How Nintendo Should Handle Smash Bros. on NX

How Nintendo Should Handle Smash Bros. on NX

In the wake of news pertaining to the final DLC for the ever-popular Super Smash Bros. for Wii U/3DS, one editor gives his take on the next core installment.

As one of the biggest franchises at Nintendo’s disposal, Super Smash Bros. has set itself up as the de facto video game for the biggest crossovers in the industry. With what has undeniably become the most diverse roster of gaming icons in history, it comes as no surprise that fans were eagerly talking about and playing the games well after their respective launch dates. Now, with DLC coming to an end and a brand new console on the horizon, I’ve started wondering just how Nintendo will go about topping the latest iteration.

The reality is, with a roster wrapping up at a whopping 58 fighters, there is nowhere for a new entry to go but down. Given the standard development time allotted for the game, with development usually kicking off at about 2 years out from launch, there simply isn’t enough time to completely rebuild the fighting game with all of the currently included characters. Instead, with mass production for the NX allegedly set to kick off at the end of Q1 2016, the only logical thing to do would be port Super Smash Bros. for Wii U/3DS to the forthcoming platform.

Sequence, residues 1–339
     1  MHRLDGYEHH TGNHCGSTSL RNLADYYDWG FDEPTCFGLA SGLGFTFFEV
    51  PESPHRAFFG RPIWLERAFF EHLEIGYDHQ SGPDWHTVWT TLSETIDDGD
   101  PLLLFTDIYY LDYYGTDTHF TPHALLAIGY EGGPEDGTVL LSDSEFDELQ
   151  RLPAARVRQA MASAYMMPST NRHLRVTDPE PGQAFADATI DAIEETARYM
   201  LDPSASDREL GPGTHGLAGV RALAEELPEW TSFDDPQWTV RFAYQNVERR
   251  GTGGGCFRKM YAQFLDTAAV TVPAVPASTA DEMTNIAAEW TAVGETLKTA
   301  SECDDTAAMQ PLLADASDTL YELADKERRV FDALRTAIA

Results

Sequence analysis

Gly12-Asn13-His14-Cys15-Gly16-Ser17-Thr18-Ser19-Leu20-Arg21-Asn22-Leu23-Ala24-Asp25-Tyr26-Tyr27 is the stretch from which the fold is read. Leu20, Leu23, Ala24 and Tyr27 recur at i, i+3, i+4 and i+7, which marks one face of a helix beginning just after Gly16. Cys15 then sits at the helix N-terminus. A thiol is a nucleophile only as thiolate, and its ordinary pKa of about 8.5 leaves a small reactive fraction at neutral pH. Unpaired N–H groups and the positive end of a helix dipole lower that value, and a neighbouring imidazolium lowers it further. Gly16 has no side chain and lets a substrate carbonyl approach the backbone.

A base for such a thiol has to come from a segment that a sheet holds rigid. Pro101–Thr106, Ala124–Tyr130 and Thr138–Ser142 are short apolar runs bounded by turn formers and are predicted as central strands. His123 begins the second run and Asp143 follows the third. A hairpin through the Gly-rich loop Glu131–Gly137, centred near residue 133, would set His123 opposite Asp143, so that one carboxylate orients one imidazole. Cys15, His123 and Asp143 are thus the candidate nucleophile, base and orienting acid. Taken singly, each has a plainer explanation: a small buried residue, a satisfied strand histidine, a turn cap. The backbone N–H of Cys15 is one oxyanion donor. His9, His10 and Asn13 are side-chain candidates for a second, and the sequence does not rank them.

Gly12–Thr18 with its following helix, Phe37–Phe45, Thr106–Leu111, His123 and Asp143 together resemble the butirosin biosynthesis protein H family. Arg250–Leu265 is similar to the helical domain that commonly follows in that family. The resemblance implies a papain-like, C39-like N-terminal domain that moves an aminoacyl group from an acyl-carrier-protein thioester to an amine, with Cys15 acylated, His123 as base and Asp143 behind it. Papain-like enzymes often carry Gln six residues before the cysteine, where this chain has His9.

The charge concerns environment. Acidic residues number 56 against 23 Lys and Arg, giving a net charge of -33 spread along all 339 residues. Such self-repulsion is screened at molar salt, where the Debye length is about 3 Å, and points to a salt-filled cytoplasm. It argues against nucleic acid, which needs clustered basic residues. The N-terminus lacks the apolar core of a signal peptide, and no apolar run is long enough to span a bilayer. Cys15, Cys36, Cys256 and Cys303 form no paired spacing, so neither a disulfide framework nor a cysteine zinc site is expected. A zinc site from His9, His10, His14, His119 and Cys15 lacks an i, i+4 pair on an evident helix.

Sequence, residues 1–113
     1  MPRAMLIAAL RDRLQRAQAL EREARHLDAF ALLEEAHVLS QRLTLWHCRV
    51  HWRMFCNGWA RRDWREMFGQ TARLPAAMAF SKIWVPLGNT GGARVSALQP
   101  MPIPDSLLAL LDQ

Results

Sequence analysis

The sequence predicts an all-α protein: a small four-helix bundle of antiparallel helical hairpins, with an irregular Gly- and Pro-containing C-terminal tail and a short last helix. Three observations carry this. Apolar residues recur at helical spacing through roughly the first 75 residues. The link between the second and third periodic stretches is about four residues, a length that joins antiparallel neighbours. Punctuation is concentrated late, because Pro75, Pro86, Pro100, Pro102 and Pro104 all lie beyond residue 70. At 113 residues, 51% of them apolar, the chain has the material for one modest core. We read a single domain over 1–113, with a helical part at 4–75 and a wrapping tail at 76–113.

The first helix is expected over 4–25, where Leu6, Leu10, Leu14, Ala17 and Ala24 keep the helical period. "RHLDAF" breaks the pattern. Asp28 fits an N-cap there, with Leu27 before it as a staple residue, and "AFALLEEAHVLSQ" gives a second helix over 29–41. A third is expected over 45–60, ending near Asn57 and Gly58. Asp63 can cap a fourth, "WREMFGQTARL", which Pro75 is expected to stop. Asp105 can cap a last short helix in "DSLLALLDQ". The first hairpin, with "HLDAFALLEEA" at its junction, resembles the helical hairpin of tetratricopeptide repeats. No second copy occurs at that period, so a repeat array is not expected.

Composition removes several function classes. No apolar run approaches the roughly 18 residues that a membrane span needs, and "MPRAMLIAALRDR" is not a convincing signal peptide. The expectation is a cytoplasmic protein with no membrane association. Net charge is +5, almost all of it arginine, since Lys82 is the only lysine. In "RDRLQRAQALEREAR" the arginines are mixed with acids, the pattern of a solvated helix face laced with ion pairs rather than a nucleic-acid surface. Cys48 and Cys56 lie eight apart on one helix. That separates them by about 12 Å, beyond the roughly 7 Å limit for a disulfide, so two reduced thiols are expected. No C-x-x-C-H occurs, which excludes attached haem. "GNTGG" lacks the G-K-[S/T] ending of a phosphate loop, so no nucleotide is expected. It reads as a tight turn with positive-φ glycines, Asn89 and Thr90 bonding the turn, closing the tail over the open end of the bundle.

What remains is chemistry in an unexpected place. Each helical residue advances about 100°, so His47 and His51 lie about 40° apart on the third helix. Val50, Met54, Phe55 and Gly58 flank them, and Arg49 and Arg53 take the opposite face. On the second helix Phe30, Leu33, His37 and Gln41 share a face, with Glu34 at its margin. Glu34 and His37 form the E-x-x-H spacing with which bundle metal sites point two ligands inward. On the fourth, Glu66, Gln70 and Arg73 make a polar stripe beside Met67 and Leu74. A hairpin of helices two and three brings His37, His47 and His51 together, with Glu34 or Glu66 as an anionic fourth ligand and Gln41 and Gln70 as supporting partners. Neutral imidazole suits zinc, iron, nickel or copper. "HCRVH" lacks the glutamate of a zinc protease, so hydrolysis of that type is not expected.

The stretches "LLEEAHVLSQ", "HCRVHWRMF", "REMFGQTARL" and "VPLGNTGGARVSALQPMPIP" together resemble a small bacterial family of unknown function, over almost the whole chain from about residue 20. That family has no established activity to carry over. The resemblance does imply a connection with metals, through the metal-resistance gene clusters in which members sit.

It’s evident that Nintendo is far from done with the franchise given how well the titles sold across both the 3DS and Wii U platforms. Despite claims of uncertainty regarding future iterations from the series’ creator, Masahiro Sakurai, more games will inevitably happen. That said, the existing installment has garnered so much excitement over the years that it’s safe to say that fans aren’t willing to say their goodbyes to it just yet. It’s for this reason that a port seems the most likely, especially considering that the aforementioned Wii U looks as if it won’t be afforded a full life cycle as a result of its less-than-stellar sales.